Metal theft criminals could face tougher punishments - WMC Action News 5 - Memphis, Tennessee

Metal theft criminals could face tougher punishments

Memphis Mayor A C Wharton says metal thefts are devastating the city. He is searching everywhere for solutions. Memphis Mayor A C Wharton says metal thefts are devastating the city. He is searching everywhere for solutions.

(WMC-TV) - Metal theft has become a big problem in the City of Memphis. The mayor is working to tackle thefts by introducing sweeping reforms.

The mayor says one big issue with scrap metal theft is that the thieves get off with just a slap on the wrist. He convened a meeting of the minds at city hall in an effort to get a grip on the situation.

Memphis Mayor A C Wharton says metal thefts are devastating the city. He is searching everywhere for solutions.

"We're going to work with the D.A. to patch what seems to be a little glitch in the system," he said.

During a sit-down meeting in his office with police, Crime Stoppers, the chamber, the West Memphis mayor, and others, Wharton says they've hatched a plan. Part of that plan includes making the time fit the crime.

"The average customer who comes in and sells that stuff it may be valued at 75 or 80 bucks. That's a misdemeanor," said Wharton. "To steal 40 dollars worth of copper you'll do $4- or $5,000 worth of damage."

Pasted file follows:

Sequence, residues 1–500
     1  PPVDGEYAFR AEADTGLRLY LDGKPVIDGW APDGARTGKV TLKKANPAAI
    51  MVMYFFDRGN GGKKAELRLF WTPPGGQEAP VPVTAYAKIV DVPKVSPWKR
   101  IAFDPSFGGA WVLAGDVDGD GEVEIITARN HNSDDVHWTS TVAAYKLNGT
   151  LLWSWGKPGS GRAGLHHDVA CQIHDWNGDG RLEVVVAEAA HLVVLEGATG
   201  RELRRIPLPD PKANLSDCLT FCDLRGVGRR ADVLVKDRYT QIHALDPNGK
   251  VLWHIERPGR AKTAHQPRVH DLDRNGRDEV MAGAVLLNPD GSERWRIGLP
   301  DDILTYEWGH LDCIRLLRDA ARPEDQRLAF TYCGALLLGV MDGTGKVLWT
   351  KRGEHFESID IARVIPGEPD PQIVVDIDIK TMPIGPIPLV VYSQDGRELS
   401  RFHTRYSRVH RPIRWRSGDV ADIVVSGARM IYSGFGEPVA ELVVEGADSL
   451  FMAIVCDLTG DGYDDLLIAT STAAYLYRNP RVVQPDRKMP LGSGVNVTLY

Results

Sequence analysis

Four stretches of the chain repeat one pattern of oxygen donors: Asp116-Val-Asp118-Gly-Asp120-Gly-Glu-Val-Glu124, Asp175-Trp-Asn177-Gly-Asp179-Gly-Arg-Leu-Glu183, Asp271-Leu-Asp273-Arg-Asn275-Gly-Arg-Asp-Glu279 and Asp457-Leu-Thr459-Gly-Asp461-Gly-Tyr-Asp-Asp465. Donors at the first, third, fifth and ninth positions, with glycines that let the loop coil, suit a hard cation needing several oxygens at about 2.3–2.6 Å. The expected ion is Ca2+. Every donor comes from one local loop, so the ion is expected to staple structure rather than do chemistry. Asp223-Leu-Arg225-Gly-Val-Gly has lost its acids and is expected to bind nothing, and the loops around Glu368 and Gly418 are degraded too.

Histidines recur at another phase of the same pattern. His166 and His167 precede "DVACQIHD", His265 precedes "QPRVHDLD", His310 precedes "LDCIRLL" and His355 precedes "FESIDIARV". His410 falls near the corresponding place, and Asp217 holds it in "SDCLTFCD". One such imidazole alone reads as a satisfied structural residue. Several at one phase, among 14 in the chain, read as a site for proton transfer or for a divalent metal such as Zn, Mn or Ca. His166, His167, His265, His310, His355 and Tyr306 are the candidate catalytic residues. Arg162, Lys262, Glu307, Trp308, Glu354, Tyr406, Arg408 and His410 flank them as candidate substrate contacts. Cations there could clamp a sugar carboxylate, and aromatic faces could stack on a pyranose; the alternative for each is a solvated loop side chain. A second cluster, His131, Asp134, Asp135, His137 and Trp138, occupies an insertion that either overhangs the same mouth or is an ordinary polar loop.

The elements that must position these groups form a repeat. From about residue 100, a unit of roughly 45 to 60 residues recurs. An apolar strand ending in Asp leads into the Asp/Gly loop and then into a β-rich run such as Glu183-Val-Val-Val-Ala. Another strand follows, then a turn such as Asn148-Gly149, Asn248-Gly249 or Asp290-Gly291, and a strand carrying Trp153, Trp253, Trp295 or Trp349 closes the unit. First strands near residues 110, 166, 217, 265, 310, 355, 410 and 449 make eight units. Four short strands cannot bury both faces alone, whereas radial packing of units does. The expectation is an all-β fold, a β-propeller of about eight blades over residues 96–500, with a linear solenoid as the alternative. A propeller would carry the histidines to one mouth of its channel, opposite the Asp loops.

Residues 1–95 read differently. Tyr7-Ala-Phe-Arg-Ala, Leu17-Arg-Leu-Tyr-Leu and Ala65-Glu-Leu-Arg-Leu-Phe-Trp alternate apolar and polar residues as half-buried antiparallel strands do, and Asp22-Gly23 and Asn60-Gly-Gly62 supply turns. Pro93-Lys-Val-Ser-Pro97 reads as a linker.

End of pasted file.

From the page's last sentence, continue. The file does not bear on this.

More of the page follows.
He continued, "We want to make sure that the punishment is based upon the full amount of the damage that is done to the victim."

Brandy Ingram discovered the recent copper theft at The Cottage Restaurant. It cost the owners thousands of dollars in air conditioner repairs. They also lost revenue because they had to shut down the restaurant during the repairs.

"Don't steal someone else's stuff," said Ingram. "Even if they make it a law or bigger laws or more laws it still doesn't mean that people aren't going to break them. The more laws you have the more people are going to break them."

Wharton says no new laws are necessary, but instead, a change in the way current laws are enforced and specific crimes communicated to prosecutors.

"We're not going to resign ourselves to this. It should not be tolerated. And we're not going to tolerate it," said Wharton.

Mayor Wharton says Crime Stoppers and the City of Memphis will unveil a dedicated reward hotline for scrap metal theft.

He says he is soliciting help from mayors across the river to come up with a detailed plan that is expected to be released in just a few weeks.

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